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NKW Blog

Generational Kuleana at the 28th Annual Hāna Kalo Festival

“You coming, ah?” volun-told Captain aka “Cap”, Clay Bertelmann, just before our crew meeting preparing for my first crossing of ʻAlenuihāhā channel. It’s the spring of 2001 and a buzz was in the air as Hāna crew members flew in to prepare for our sail to the 9th Hāna Kalo Festival. Makaliʻi has a long history with the annual festival that began with aunty Kanani Kahalehoe. As a dedicated Hāna Kalo Festival organizing committee member and waʻa crew member, aunty Kanani continuously invites Makaliʻi and her educational programs to be shared with the Hāna community. 

This year was no exception. Aunty Kanani volun-told us to attend this year’s festival. The last time we sailed to Hāna for the Kalo Festival was in 2018 as part of our training for our Hanauna Ola voyage to Mokumanamana. This year we came by land, loaded with our star compass, educational presentation boards, various hand outs and ʻai pono samples. At 7am Saturday morning, at Hāna Ballpark, in our educational tent, the Lincoln-Maielua boys tested themselves by setting up and placing the star compass hale names in

correct order.

Throughout the day, various community members, fellow booth vendors, and visitors came to hear, see, and experience whatʻs good with Makaliʻi and Nā Kālai Waʻa. “Aunty, this is the kind of food we’re taking on our voyages these days” as I baited for a conversation.

To my surprise, aunty Mona responded “I remember driving up with Cap to Waimea from Kawaihae to buy canned food for our voyage day boxes.” Aunty Mona is a Hāna crew member, who was invited to train with Makaliʻi by aunty Kanani over 20 years ago. Aunty Mona is also the daughter of Sam Kalalau, an original crew member of the 1976 Hokuleʻa maiden voyage.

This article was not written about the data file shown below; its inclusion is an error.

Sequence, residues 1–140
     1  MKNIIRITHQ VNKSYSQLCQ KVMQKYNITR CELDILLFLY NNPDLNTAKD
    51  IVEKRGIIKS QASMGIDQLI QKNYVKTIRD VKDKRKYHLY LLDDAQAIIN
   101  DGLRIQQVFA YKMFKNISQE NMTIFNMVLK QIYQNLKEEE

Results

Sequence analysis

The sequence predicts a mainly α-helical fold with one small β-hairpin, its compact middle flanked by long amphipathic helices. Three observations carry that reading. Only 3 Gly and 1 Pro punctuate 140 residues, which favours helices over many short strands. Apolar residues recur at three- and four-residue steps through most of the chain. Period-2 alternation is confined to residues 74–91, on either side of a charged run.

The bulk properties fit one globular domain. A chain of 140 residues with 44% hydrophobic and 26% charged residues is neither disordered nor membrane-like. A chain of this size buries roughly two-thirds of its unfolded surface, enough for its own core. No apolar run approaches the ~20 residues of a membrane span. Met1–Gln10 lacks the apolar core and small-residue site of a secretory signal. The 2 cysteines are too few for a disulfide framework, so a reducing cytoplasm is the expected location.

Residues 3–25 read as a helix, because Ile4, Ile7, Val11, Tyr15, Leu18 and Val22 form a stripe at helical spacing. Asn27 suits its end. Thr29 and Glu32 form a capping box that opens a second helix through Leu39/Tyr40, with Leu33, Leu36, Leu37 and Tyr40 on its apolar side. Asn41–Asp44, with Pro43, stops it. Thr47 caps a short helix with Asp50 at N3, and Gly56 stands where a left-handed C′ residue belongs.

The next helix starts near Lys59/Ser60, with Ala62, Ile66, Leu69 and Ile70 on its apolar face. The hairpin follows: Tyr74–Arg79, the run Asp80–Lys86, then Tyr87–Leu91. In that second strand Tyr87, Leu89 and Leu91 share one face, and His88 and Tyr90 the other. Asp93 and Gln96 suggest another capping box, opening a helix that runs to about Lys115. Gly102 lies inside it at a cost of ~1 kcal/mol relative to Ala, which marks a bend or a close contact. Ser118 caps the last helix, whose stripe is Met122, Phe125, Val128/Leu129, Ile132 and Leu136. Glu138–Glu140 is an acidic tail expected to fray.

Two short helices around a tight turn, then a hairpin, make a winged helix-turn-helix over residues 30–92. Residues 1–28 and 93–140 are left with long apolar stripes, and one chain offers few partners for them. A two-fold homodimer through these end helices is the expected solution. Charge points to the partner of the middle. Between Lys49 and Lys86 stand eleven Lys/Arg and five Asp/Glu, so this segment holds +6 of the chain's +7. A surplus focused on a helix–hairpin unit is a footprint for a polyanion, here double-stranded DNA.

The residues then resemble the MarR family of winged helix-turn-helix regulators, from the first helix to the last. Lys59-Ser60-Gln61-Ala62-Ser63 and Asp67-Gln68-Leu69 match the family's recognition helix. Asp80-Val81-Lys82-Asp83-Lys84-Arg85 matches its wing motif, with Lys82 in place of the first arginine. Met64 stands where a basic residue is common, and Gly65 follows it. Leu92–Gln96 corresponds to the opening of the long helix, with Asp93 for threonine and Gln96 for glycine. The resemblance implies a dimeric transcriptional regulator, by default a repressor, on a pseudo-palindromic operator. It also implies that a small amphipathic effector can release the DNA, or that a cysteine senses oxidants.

As another aunty gazed upon the presentation boards and locally sourced and preserved provisions of lūʻau beef in pressure canned jars, along with freeze dried kālua pig sealed in mylar bags, she looks to me and bursts, “You folks were in Lahaina for the Unity March! You had a table like this and at the end of the day you gave me a jar of lūʻau stew. My husband, uncle Francis, and I ate it and it was ʻONO!”

This aunty reached in her wallet and insisted on sharing a donation to support our work. I told her “aunty, I need to continue to talk about this jar today. If you're still here when we're done, I want to send it home with you.” Aunty Ese Sinenci was overjoyed, placing another jar of shelf stable lūʻau stew in her holoholo bag.

The annual Hāna Kalo Festival continues to be a special place for us where both Kohala and Hāna districts strengthen their generational relationships and resilience through our voyaging practices on our wa’a and our moku. Mahalo nui aunty Kanani for reminding us to keep crossing the channel and living Papa Mau’s words, “Stick Together, Make Strong, Make Happy”.

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